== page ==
“Never waste your suffering. … Suffering just happens, constantly and randomly, and if you don’t make anything out of it, then it happened to you for no reason. But suffering can also be the greatest possible invitation to transform — but only if you accept that invitation, and only if you go through a complete catharsis, and only if you actually change yourself because of what you’ve experienced. But that part is up to you. Only you can execute a catharsis in your own life. Suffering without catharsis is nothing but wasted pain. And you should never waste your pain, never waste your suffering. It’s powerful stuff, the most powerful stuff there is. Use it. Transform from it. Learn. Grow. Be better.”

Elizabeth Gilbert (eat pray love!) references the quote from Jim Maclaren, a man whose story is so incredible that it can hardly be believed.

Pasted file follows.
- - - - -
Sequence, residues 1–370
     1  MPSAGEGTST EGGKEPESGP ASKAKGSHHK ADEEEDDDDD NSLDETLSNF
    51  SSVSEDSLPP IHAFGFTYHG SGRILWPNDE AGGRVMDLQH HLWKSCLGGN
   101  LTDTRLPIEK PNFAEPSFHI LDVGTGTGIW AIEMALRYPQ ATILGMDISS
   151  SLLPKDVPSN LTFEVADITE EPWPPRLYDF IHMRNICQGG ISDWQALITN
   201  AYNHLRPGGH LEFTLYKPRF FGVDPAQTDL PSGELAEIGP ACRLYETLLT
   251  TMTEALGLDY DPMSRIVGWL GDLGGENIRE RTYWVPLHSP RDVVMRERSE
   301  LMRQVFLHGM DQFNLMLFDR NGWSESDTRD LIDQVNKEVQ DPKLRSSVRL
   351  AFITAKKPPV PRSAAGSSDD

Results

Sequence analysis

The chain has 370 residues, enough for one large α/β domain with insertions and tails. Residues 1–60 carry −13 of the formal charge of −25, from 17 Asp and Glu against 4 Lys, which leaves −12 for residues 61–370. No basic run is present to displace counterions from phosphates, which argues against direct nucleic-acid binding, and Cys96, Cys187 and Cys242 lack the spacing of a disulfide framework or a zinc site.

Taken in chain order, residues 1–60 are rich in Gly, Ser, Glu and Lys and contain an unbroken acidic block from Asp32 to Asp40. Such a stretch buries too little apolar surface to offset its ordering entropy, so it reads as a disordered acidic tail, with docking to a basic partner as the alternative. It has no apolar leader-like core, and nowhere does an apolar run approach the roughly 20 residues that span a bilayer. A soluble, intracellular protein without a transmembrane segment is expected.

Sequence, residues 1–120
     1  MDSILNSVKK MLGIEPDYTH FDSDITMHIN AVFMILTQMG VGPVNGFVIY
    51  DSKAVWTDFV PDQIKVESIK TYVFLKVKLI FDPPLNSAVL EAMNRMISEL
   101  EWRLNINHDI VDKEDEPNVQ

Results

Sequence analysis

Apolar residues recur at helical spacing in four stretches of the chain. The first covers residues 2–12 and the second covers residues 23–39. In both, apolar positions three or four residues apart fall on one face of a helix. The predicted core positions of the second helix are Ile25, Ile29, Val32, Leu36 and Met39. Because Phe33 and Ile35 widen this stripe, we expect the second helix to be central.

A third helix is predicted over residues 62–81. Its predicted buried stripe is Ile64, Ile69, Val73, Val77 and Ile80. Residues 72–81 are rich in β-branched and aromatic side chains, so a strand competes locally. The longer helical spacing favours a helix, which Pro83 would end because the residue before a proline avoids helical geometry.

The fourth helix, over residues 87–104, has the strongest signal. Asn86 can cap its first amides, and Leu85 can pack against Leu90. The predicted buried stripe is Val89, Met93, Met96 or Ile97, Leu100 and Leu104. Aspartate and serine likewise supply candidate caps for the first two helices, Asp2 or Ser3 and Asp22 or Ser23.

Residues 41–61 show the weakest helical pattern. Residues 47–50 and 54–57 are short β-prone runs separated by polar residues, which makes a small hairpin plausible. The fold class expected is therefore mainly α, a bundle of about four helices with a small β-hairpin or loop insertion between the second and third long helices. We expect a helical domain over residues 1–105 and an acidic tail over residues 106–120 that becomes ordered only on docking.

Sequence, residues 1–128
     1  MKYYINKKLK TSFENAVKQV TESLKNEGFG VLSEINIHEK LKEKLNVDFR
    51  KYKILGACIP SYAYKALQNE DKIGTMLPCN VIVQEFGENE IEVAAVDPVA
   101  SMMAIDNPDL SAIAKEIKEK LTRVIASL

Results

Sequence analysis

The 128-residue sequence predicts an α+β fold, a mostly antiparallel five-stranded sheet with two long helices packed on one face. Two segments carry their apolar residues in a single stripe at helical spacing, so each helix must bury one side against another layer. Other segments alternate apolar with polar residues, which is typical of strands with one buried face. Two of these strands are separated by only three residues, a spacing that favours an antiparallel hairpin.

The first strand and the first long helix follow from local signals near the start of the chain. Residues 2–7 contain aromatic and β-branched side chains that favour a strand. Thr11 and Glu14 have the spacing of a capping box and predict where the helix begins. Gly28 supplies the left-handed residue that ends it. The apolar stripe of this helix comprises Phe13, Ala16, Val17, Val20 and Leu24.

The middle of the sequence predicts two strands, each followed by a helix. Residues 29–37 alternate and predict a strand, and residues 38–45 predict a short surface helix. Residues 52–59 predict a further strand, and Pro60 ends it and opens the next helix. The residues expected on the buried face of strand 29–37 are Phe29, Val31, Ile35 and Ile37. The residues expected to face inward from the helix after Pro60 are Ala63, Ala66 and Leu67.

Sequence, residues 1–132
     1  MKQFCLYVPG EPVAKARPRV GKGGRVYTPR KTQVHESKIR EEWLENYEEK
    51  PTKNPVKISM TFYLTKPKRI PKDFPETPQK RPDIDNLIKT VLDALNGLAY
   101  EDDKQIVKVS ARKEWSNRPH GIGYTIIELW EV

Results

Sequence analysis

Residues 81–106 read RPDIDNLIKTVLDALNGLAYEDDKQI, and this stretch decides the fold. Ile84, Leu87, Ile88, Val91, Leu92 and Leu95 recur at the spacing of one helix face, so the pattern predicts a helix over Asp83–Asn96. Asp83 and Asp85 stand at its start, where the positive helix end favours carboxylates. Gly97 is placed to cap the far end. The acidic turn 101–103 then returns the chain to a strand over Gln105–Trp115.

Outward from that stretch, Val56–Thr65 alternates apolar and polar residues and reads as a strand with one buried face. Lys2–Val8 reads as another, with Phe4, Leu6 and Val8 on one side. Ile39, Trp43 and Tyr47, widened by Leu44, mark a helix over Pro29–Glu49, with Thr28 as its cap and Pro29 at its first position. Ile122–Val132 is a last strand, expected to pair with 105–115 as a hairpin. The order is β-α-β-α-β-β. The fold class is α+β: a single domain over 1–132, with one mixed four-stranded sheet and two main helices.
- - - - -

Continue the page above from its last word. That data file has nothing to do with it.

I’ve long struggled to live in the moment. Still do. A perverse form of being present in the moment is to wallow in lows (or, I guess, to over-indulge in the highs). The trap of the lows is that it’s all to easy to feel like that is is all there is. The darkness, the misfortune, the cruelness, the pain, the suffering seeps into ever crevice and wraps itself firmly around every cell. It’s all-consuming. But, as Jim points out, it happens: constantly, and randomly. The choice is whether to examine it, to look at it, weigh it, and almost coldly have catharsis. Sometimes it’s to purge ourselves of the hate we’re feeling in that moment to get to forgiveness…to let go of self-pity to recognize the power we wield to change everything. Anyway: don’t waste your suffering. Don’t waste the doubt. Don’t waste your humiliation. Don’t waste your inadequacy. Don’t waste your fear. In a really perverse way, in a way that I barely understand, I think there’s as much beauty in it as any of the ‘good’ stuff.

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